Full Text

Cuba, general strikes under Batista regime, 1952–1958

Mike Gonzalez


Subject History
Social Movements » Collective Behaviour

Place The Caribbean » Cuba

Period 1000 - 1999 » 1900-1999

People Castro, Fidel

Key-Topics labor, labor movements, revolution, strikes

DOI: 10.1111/b.9781405184649.2009.00429.x


Extract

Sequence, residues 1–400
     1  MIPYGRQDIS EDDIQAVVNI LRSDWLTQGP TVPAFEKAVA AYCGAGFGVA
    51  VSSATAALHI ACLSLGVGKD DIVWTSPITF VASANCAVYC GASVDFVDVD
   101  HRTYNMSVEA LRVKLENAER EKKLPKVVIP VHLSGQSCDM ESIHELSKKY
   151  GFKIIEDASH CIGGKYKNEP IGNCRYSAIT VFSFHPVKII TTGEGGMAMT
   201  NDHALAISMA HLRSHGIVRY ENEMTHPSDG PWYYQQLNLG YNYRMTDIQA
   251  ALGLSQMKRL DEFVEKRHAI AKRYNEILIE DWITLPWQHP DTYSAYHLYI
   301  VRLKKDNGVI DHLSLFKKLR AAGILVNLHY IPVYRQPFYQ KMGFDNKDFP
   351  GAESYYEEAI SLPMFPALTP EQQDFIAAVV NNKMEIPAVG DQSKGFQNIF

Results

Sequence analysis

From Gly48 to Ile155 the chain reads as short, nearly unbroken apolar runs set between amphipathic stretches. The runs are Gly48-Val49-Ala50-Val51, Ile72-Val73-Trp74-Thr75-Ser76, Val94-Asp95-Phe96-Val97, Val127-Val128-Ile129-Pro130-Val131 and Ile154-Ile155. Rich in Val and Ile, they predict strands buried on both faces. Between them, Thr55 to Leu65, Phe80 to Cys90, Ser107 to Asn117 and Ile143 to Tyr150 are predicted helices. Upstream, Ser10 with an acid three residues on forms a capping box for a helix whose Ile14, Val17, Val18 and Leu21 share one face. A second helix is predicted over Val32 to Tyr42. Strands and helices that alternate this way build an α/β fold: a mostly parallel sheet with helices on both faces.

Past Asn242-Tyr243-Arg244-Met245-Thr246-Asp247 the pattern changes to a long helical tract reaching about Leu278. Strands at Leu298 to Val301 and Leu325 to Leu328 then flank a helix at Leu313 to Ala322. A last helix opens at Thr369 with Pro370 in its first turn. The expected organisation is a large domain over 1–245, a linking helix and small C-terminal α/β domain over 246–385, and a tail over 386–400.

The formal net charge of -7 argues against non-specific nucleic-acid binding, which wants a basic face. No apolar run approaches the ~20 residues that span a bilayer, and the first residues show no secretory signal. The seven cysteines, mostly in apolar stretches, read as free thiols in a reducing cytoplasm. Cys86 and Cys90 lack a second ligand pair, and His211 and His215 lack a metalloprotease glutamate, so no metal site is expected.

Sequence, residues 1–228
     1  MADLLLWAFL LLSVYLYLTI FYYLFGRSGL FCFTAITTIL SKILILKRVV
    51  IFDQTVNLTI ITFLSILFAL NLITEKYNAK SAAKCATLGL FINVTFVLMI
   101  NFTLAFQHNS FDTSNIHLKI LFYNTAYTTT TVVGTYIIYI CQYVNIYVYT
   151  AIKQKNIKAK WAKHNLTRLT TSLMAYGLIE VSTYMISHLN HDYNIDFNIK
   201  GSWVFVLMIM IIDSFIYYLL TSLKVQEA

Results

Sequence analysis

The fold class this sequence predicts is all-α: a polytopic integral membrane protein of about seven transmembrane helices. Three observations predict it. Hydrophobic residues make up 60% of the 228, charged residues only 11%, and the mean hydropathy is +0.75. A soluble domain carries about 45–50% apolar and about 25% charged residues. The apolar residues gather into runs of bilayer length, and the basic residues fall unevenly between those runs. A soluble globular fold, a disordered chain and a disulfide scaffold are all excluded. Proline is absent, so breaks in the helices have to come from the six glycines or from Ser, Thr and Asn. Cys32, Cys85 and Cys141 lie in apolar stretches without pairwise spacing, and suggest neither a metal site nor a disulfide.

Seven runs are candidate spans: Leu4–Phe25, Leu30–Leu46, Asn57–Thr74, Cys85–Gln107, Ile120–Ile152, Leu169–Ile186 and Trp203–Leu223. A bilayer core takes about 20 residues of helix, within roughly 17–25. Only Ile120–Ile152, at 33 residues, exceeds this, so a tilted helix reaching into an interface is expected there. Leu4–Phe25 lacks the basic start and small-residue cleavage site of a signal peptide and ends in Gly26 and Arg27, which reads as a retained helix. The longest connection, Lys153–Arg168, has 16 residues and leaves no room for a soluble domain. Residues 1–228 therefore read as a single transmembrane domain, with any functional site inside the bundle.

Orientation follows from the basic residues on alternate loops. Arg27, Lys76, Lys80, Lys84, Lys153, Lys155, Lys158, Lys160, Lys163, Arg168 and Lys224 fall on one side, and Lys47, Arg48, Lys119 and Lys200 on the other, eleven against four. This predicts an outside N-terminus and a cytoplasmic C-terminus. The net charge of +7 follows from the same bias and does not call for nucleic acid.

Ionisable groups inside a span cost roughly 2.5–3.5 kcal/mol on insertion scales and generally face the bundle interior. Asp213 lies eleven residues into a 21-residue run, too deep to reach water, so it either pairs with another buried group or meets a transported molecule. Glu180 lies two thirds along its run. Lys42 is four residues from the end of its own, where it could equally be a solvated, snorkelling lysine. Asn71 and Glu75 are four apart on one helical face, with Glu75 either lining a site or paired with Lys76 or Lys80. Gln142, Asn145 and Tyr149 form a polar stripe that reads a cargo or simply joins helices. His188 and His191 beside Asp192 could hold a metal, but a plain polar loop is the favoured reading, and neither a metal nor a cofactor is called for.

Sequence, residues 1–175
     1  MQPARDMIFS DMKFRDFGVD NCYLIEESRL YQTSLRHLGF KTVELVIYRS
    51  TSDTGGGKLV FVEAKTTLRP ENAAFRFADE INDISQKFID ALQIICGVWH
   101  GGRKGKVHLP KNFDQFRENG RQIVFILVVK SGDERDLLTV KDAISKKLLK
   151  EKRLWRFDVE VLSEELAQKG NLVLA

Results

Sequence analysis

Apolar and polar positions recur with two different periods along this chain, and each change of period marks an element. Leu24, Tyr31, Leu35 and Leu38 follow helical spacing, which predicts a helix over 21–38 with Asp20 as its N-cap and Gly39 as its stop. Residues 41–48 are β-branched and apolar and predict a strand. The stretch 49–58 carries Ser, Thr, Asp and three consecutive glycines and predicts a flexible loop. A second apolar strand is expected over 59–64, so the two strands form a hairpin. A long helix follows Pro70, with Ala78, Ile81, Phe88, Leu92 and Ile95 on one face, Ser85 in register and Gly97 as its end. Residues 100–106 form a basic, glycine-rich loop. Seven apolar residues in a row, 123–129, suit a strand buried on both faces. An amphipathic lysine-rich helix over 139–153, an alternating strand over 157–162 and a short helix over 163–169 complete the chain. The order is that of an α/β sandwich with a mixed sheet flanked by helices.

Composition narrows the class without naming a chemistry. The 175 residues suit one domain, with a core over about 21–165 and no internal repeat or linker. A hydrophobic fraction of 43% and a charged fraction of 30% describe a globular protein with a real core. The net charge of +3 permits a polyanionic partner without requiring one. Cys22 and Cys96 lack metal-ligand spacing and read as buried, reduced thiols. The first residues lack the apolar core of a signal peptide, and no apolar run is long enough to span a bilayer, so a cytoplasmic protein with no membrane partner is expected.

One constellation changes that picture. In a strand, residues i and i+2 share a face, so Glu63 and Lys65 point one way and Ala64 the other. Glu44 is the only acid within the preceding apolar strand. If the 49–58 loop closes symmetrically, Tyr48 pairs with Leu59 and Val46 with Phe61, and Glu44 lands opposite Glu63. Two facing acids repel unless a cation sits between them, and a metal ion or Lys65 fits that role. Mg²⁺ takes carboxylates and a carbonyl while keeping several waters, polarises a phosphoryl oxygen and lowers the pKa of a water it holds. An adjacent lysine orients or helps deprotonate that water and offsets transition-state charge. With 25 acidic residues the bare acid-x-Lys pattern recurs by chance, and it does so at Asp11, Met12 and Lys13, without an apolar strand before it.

Fulgencio Batista, who led the sergeants' revolt of 1933, had become the dominant presence in Cuban political life by the following year. He was not himself elected to office until 1940, but he largely controlled and shaped events in the intervening years through others. Thus he supported the government of Guiteras and Grau San Martin which took power (so to speak) in September 1933 with the express intention of realizing the radical demands of the movements of that year. Batista's sights were set on a future relationship with the United States, which was resolutely opposed to the Guiteras-Grau coalition – though the US ambassador had been happy enough to sit on his hands while Machado fell. Batista knew that his project would not prosper while the radicals were in power, so he engineered the situation to have them replaced by Colonel Mendieta, head of the right-wing Unión Nacionalista (Nationalist Union). Guiteras called for a general strike in defense of the short-lived administration, but there was virtually no response. On January 18, Mendieta was installed in the presidency; Batista for his part had survived his first general strike and could now conduct Cuban affairs from behind a throne whose occupant was entirely beholden to him. The four months of a populist government had given Batista the time to assert his power within the army and to forge an alliance with the US ... log in or subscribe to read full text

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